Every time we visit Kaitlyn’s endocrinologist, we fill out a form with answers to the same questions. One of the questions is, “Have you had any type 1 diabetes-related hospital stays since our last visit?” Every time, I am grateful to say that we can answer “no.” Miraculously, Kaitlyn has never had to visit urgent care or go to the hospital for any diabetes-related reasons in the 11 years since her diagnosis. Recently, however, we had an experience that was the closest we have ever come to taking her to the emergency room… and it was scary.
Our family got a particularly bad case of the stomach flu. It went through every one of us — my husband and me and all five kids — so you can imagine things were not pretty around here for a couple of weeks. We were in complete survival mode, and when it was Kaitlyn’s turn, she got it pretty bad. She was throwing up, not able to keep hardly anything down, and she began to have ketones very quickly.
You might think that after 11 years of diabetes management, this would be no big deal. But Kaitlyn has very rarely gotten ketones. So we haven’t had very much experience dealing with them. In fact, we hardly ever get out her ketone strips and blood ketone meter.
When it became evident that she wasn’t doing very well, we searched for the strips and ketone meter. Strips were easily found, but the problem was, as much as we tried to have her drink, she wasn’t keeping anything down, and so she couldn’t pee! I kept searching for the blood ketone meter, and when I finally found it, I realized that we were all out of the test strips for it, and the batteries needed to be replaced. A couple of hours went by and we were still having a hard time getting her to pee, but she finally did, and she had very high ketones. I have never seen such dark purple on one of those strips before.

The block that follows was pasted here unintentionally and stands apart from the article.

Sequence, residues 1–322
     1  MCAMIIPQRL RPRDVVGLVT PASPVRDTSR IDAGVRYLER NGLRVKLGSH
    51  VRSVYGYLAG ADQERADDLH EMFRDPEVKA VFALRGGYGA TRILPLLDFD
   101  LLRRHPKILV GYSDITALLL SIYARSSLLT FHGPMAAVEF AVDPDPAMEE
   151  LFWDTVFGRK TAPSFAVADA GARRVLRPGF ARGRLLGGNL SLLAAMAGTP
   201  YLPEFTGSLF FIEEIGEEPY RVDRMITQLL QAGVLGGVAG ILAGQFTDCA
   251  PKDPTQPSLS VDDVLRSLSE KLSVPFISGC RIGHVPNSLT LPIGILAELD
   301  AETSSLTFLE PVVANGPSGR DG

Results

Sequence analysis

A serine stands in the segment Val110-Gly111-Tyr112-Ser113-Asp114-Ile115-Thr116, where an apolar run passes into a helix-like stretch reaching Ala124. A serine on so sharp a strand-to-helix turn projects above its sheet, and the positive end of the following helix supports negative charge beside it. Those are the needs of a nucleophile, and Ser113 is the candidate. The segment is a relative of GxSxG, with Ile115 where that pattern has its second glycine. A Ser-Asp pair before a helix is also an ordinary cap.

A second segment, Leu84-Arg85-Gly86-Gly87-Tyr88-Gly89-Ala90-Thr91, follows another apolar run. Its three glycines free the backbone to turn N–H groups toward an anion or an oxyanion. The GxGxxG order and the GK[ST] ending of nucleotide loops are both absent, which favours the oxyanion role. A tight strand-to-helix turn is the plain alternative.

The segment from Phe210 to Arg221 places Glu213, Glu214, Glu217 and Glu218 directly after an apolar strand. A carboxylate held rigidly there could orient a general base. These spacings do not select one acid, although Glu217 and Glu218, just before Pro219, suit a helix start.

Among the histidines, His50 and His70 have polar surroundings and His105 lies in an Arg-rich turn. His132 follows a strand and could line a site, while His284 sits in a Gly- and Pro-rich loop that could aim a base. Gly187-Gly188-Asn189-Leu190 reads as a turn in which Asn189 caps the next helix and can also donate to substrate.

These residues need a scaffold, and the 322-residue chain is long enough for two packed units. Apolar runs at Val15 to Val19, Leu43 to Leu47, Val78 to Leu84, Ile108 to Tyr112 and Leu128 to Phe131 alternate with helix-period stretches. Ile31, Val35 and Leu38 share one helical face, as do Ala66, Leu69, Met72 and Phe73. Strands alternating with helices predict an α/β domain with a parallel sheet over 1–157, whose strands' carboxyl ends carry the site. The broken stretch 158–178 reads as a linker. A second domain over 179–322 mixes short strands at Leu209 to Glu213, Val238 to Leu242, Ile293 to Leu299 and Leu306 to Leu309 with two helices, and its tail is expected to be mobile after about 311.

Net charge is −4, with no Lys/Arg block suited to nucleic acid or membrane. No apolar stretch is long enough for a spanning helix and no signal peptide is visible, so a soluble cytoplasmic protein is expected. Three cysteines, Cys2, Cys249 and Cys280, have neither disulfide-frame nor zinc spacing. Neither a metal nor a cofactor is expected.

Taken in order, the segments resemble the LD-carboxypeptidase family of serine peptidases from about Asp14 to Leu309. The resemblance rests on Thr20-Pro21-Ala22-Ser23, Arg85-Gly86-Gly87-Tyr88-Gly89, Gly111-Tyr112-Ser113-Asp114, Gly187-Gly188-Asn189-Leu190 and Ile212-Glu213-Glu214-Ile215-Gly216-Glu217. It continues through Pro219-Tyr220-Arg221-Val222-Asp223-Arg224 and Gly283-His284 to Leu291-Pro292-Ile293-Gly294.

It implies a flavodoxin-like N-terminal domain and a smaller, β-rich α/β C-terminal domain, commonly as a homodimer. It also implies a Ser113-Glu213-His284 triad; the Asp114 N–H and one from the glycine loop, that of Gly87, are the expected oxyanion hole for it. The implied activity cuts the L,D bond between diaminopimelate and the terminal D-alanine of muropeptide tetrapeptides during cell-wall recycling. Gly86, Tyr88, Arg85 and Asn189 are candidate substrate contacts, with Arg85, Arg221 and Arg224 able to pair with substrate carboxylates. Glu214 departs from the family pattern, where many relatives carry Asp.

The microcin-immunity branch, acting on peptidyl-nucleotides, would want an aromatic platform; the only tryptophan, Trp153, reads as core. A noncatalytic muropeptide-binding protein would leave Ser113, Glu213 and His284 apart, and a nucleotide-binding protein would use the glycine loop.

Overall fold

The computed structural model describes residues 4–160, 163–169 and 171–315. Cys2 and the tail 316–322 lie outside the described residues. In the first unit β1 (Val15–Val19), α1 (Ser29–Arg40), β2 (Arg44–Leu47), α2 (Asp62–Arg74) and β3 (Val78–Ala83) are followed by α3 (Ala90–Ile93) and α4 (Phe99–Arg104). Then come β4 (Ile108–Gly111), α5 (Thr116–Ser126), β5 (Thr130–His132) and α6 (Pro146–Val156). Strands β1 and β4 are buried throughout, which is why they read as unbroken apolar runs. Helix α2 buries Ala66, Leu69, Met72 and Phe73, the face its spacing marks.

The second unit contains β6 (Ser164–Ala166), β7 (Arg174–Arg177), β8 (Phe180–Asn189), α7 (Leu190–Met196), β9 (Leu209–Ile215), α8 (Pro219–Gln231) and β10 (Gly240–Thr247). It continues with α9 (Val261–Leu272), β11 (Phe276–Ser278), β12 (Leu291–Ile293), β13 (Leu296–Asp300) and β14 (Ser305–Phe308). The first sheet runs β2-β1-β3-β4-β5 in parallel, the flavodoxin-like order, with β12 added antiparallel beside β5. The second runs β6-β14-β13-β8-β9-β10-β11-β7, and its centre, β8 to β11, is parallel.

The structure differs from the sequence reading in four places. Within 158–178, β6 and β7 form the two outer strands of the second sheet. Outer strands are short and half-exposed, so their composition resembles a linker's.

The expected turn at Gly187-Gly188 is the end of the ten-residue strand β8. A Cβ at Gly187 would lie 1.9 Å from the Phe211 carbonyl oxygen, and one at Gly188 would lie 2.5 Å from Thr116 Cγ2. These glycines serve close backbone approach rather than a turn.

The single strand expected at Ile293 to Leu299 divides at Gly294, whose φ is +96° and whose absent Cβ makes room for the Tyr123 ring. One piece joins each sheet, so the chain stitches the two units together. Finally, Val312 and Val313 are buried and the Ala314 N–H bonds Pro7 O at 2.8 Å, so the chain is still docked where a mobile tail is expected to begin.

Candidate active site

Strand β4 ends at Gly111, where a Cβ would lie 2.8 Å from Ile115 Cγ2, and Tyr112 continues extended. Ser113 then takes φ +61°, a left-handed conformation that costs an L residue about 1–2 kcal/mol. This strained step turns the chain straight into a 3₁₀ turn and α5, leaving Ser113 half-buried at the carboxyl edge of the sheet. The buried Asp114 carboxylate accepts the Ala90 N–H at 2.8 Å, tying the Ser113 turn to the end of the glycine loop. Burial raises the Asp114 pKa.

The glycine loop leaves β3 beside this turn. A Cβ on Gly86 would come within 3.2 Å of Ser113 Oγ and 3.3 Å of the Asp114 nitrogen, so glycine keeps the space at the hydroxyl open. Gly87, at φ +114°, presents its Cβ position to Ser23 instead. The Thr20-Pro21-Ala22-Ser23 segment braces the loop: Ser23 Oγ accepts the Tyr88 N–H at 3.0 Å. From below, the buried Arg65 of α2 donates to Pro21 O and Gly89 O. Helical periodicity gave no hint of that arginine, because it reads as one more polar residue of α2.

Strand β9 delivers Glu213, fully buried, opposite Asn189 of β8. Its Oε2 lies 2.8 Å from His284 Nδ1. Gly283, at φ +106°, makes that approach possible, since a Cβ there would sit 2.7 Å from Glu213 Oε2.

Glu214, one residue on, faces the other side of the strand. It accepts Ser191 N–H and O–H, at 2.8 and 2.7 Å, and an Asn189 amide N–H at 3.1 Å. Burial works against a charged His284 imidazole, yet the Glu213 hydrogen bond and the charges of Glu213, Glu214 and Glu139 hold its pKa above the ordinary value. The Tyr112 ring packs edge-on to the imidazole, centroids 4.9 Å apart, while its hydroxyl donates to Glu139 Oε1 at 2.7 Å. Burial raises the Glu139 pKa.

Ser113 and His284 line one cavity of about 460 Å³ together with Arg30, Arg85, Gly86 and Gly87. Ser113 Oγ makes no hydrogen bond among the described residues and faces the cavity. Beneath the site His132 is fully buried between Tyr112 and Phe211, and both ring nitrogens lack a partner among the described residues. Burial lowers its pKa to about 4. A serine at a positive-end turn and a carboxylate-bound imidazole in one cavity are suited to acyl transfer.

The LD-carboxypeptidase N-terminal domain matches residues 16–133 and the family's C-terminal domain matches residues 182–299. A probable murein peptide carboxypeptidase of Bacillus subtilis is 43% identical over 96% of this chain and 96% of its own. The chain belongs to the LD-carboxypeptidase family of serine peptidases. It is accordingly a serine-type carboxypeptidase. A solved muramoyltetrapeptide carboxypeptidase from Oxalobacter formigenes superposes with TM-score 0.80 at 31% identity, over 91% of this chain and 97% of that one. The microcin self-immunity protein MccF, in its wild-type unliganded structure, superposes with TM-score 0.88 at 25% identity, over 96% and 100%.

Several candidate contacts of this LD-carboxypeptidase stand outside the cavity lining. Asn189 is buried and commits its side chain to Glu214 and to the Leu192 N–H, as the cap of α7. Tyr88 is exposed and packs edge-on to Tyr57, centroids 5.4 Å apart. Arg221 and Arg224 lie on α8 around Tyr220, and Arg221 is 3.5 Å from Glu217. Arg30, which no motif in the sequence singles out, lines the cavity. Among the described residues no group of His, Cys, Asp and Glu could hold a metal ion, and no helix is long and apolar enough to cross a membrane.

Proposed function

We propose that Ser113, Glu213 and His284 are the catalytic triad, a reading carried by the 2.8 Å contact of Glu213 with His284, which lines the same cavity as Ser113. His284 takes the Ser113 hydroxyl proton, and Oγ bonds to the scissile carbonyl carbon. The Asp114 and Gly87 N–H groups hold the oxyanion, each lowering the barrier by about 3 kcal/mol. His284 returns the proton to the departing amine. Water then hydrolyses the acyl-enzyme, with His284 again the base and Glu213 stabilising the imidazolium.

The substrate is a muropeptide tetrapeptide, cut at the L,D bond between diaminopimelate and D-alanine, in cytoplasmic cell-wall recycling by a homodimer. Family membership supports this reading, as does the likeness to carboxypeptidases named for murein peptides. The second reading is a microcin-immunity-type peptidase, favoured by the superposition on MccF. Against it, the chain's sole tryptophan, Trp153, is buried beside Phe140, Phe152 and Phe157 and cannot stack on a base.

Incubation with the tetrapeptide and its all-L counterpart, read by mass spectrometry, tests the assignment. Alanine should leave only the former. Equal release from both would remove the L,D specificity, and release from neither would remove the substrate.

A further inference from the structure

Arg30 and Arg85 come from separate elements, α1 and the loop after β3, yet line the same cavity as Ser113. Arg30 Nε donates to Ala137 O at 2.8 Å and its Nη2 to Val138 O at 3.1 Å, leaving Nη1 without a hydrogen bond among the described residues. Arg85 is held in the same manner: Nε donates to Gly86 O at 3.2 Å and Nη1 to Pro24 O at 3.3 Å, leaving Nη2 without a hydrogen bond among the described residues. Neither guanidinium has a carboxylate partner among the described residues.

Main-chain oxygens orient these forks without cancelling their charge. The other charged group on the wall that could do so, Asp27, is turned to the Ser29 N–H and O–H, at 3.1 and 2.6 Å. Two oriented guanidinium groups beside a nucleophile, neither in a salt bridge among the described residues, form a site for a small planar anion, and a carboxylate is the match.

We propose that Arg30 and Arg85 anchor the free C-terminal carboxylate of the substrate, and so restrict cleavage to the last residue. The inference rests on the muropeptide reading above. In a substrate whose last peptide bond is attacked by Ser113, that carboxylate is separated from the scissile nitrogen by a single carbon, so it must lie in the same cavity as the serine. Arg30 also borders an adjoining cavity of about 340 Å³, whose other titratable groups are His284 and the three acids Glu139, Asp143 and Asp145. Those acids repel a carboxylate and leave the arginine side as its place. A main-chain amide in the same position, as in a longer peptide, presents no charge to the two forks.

Now we were very worried, and I called the diabetes hotline at our hospital. They instructed us to give her as much fluids as possible — frozen pops, sports drink, juice — so that we could flush out the ketones with fluids and insulin, and to keep monitoring ketones carefully. If it got any worse or didn’t get better quickly, we were instructed to take her to the emergency room.
Luckily, we had plenty of rehydration fluids in the house because we had been dealing with this bug for over a week with all the other kids. But we still had the problem of monitoring her ketones closely, because she just wasn’t peeing. Oh, how I wished we had the blood ketone meter working! Sometimes it’s so much easier to get a blood drop than a urine sample. I called my sister-in-law to see if we could borrow her son’s ketone meter; she searched for hers but couldn’t find it either. She was kind enough to call another type 1 friend and borrow her meter, and it was probably 10 p.m. when she went out of her way to pick up the meter and drive it over to us. Such a champ!
Having the meter was a game changer. It was a long night, but we were finally able to get Kaitlyn to drink enough sugary fluids to flush the ketones out. We were able to frequently test for ketones and watch them slowly disappear, so that we were no longer thinking we might have to rush her to the hospital at any moment. It gave us the peace of mind that we were doing the right thing to take care of her, and that she was going to be fine.
I learned a couple of really important things that night. First: Always be prepared! You can bet that the first thing I did when she got better was to call the doctor and pharmacist to get a new blood ketone meter and plenty of strips. I plan to keep that prescription current forever, even if we don’t use the meter — it’s truly worth the peace of mind to have it.
Secondly, I learned how important my type 1 diabetes community is. I have my sister-in-law and so many others who would come to our rescue at any time of day or night. I am so grateful that I have that support and that I can be that support for other type 1 families. If you have not yet found your people, I encourage you to do it! Find other type 1 families either through social media or through your doctor, school, or local diabetes organization. Help is never too far away when you have a type 1 community to call upon for encouragement and support.
Disclaimer: The experiences and suggestions recounted in these articles are not intended as medical advice, and they are not necessarily the “typical” experiences of families with a child who has type 1 diabetes. These situations are unique to the families depicted. Families should check with their healthcare professionals regarding the treatment of type 1 diabetes and the frequency of blood glucose monitoring. Jen and Kim are real moms of kids with type 1 diabetes and have been compensated for their contributions to this site.